Buchalter v. New York - 319 U.S. 427 (1943)
U.S. Supreme Court
Buchalter v. New York, 319 U.S. 427 (1943)
Buchalter v. New York
Argued May 7, 10, 1943
Decided June 1, 1943
319 U.S. 427
1. The due process clause of the Fourteenth Amendment requires that state action be consistent with fundamental principles of liberty and justice, but does not draw to itself the provisions of state constitutions or State laws. P. 319 U. S. 429.
2. Upon review here of judgments of conviction in a criminal case in a state court, challenged by the defendants as denying their constitutional rights under the Fourteenth Amendment, held:
(1) The record fails to establish actual bias on the part of the jury. P. 319 U. S. 430.
(2) The contention that the statute governing the selection of jurors and the court's rulings on challenges worked injustice in the impaneling of the jury raises no reviewable question of due process. P. 319 U. S. 430.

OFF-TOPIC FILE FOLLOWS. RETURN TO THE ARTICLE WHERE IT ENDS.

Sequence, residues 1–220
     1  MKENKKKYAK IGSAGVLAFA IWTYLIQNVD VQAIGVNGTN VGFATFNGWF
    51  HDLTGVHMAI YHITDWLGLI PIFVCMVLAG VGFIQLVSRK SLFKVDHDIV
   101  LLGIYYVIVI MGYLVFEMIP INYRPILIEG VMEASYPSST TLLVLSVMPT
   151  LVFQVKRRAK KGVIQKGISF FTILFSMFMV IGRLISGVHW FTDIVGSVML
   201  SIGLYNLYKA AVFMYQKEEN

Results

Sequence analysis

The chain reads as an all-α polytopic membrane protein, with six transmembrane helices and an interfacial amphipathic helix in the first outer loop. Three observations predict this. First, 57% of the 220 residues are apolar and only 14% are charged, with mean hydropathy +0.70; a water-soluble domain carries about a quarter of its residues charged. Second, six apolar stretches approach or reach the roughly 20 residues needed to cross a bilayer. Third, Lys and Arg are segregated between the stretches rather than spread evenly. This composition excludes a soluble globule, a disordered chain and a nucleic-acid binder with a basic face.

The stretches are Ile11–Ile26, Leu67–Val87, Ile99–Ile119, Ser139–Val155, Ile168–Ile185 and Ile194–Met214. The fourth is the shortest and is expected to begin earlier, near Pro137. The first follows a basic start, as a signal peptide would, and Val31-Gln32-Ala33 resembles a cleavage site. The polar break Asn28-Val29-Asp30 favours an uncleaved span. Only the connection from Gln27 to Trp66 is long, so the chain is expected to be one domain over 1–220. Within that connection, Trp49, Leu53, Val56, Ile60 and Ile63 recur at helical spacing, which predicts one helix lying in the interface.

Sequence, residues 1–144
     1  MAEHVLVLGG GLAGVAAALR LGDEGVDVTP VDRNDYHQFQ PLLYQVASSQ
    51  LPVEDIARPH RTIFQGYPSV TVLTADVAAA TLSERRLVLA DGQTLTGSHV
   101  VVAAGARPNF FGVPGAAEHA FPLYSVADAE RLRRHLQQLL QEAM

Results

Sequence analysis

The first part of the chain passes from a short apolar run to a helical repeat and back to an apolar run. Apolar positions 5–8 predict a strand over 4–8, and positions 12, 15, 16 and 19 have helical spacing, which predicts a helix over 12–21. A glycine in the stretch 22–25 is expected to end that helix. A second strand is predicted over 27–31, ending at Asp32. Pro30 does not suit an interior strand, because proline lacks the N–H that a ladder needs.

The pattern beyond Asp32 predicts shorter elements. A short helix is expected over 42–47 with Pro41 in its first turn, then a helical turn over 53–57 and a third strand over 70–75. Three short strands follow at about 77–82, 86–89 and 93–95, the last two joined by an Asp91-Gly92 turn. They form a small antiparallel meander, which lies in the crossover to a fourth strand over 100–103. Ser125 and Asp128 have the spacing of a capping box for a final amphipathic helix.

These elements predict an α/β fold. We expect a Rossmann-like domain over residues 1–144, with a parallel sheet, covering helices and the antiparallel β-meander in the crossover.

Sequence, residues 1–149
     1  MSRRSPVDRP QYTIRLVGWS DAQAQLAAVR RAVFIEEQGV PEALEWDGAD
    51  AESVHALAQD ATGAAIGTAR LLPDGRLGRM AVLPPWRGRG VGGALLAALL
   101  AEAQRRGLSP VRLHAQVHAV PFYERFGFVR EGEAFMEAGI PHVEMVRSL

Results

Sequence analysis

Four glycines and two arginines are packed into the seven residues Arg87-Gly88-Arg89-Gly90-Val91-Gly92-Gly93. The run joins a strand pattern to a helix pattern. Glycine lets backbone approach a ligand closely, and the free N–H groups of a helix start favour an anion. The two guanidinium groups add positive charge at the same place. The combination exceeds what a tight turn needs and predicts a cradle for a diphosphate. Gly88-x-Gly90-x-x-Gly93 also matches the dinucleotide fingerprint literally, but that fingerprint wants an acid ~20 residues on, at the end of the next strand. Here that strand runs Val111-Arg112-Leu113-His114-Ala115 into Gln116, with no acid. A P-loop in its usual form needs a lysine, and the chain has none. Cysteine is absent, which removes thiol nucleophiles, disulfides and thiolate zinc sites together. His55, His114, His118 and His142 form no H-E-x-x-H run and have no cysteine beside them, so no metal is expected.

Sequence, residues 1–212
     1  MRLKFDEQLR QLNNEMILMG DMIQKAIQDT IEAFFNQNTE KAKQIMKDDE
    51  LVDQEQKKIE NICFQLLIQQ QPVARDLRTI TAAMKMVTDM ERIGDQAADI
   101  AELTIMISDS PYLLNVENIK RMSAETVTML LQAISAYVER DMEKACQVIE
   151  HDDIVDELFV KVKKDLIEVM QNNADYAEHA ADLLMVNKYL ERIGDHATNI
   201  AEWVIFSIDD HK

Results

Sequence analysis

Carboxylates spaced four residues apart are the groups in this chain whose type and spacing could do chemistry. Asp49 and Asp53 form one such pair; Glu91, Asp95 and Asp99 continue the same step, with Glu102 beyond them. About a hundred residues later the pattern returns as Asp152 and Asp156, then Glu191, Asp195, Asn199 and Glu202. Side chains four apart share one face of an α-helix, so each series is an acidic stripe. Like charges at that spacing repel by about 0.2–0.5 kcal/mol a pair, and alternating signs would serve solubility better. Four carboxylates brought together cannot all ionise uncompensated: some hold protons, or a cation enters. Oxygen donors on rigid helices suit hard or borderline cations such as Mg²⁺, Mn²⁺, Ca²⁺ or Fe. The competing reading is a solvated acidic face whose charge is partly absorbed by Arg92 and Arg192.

(3) The challenged rulings upon evidence and instructions to the jury did not deprive the defendants of a trial according to the accepted course of legal proceedings. P. 319 U. S. 430.
(4) The contention that the prosecuting attorney unfairly suppressed evidence is without merit. P. 319 U. S. 431.
(5) The remarks of the prosecuting attorney to the jury, here complained of, do not raise a due process question. P. 319 U. S. 431.
3. Essential unfairness in a criminal trial must be shown convincingly, and not left to speculation. P. 319 U. S. 431.
289 N.Y. 181, 45 N.E.2d 225, affirmed.
Certiorari, 318 U.S. 797, to review the affirmance of judgments of conviction of murder.